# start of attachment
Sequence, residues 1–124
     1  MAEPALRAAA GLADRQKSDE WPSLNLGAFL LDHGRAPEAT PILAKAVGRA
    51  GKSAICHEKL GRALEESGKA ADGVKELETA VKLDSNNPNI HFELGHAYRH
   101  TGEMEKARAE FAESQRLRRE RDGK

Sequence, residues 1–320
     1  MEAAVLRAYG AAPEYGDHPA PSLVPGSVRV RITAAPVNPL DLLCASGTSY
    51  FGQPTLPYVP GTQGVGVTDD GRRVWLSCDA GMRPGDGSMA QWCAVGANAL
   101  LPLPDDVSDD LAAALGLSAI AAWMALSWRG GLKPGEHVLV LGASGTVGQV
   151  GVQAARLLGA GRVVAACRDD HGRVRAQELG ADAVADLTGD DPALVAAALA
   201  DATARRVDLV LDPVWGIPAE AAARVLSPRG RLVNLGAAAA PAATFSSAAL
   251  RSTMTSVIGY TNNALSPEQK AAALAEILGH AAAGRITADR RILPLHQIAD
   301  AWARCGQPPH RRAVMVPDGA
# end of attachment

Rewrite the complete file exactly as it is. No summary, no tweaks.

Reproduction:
Sequence, residues 1–124
     1  MAEPALRAAA GLADRQKSDE WPSLNLGAFL LDHGRAPEAT PILAKAVGRA
    51  GKSAICHEKL GRALEESGKA ADGVKELETA VKLDSNNPNI HFELGHAYRH
   101  TGEMEKARAE FAESQRLRRE RDGK

Sequence, residues 1–320
     1  MEAAVLRAYG AAPEYGDHPA PSLVPGSVRV RITAAPVNPL DLLCASGTSY
    51  FGQPTLPYVP GTQGVGVTDD GRRVWLSCDA GMRPGDGSMA QWCAVGANAL
   101  LPLPDDVSDD LAAALGLSAI AAWMALSWRG GLKPGEHVLV LGASGTVGQV
   151  GVQAARLLGA GRVVAACRDD HGRVRAQELG ADAVADLTGD DPALVAAALA
   201  DATARRVDLV LDPVWGIPAE AAARVLSPRG RLVNLGAAAA PAATFSSAAL
   251  RSTMTSVIGY TNNALSPEQK AAALAEILGH AAAGRITADR RILPLHQIAD
   301  AWARCGQPPH RRAVMVPDGA